Sturm und Drang 1

Record and Artist Details

Ian Page’s projects with The Mozartists are distinguished not only by exemplary standards of performance but also by the ambition and imagination that underpin them. ‘Mozart in London’ (7/18) was a vital, ear-opening exploration of music in the English capital in the 1760s and now Page and his musicians turn their attention to developments in operatic and orchestral music at around the same time in Central Europe.

This is the period during which the genial galant style was suddenly confronted with a new language of visceral power and heightened emotion, exemplified by dark minor keys, stark string effects, disjunct melodies and sudden extremes of dynamics. Haydn is the best known of the practitioners of Sturm und Drang and is represented here by one of his most austere symphonies, La Passione in F minor – in which the balm of the major key is only felt briefly in the Trio of the Minuet. But this style was born onstage, and Gluck’s music for his Don Juan ballet is often cited as one of its very earliest outings. You can hear more of the ballet in recordings by John Eliot Gardiner (complete on Erato, 10/82) or at the launch of Giovanni Antonini’s ‘Haydn 2032’ series (Alpha, 3/15, coupled with the same Haydn symphony), but this recording offers only the final scene – which is, after all, the excerpt that matters in this context – complete with added wind effects.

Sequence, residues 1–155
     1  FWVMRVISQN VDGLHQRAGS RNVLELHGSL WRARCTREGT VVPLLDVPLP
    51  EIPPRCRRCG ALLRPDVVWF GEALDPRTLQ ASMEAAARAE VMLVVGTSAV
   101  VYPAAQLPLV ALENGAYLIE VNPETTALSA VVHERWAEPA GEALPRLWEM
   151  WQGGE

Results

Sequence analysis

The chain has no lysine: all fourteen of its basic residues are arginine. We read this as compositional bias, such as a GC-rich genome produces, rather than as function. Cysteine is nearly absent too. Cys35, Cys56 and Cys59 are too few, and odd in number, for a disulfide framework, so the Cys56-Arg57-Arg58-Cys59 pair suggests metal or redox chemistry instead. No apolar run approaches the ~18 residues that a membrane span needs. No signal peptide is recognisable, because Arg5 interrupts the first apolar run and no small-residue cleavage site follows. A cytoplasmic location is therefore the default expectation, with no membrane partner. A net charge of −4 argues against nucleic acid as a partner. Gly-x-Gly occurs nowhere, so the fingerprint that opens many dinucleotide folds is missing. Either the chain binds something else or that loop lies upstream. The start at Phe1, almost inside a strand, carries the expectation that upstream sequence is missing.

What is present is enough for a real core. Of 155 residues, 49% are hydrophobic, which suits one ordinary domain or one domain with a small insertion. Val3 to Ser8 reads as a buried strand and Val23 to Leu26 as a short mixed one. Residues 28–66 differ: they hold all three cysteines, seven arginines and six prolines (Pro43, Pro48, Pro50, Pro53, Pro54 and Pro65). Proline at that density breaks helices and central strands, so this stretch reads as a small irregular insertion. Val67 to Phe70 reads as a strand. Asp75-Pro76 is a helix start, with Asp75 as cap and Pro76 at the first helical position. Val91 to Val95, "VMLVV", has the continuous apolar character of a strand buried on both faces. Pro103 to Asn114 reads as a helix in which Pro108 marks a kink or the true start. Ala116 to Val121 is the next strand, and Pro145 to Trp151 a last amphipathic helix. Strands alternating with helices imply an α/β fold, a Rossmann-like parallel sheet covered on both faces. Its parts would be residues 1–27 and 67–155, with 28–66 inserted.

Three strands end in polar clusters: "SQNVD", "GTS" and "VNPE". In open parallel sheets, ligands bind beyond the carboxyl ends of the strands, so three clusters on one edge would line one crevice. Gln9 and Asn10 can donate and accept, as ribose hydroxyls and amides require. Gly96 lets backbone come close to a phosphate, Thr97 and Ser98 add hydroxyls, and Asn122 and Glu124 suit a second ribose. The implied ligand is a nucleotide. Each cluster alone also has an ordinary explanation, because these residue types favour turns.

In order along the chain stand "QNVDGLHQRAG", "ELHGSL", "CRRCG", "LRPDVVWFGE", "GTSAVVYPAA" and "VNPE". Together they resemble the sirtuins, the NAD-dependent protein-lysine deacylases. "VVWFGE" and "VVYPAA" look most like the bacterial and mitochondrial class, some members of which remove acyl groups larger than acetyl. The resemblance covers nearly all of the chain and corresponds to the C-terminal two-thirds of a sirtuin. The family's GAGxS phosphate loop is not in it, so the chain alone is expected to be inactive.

Chiara Skerath (‘One to Watch’ in the last issue of Gramophone) is suitably dramatic in first recordings of arias from operas by Jommelli and Traetta – especially valuable, not least because these are composers perhaps better known by name or reputation than for their actual music. A further aria from Haydn’s La canterina exploits the sound – much beloved of the composer during this period – of a pair of cors anglais. Franz Ignaz Beck’s Symphony in G minor by packs a terrific punch despite fielding forces no larger than strings and a pair of horns – but what horns (Gavin Edwards and Nick Benz), and with what freedom they are encouraged to make their mark! As for the Haydn, the expansive anguish of the opening Adagio is countered by an Allegro di molto and closing Presto that fizz with fury. The playing throughout is excellent and the programme is as deeply satisfying as the project’s entire conception.

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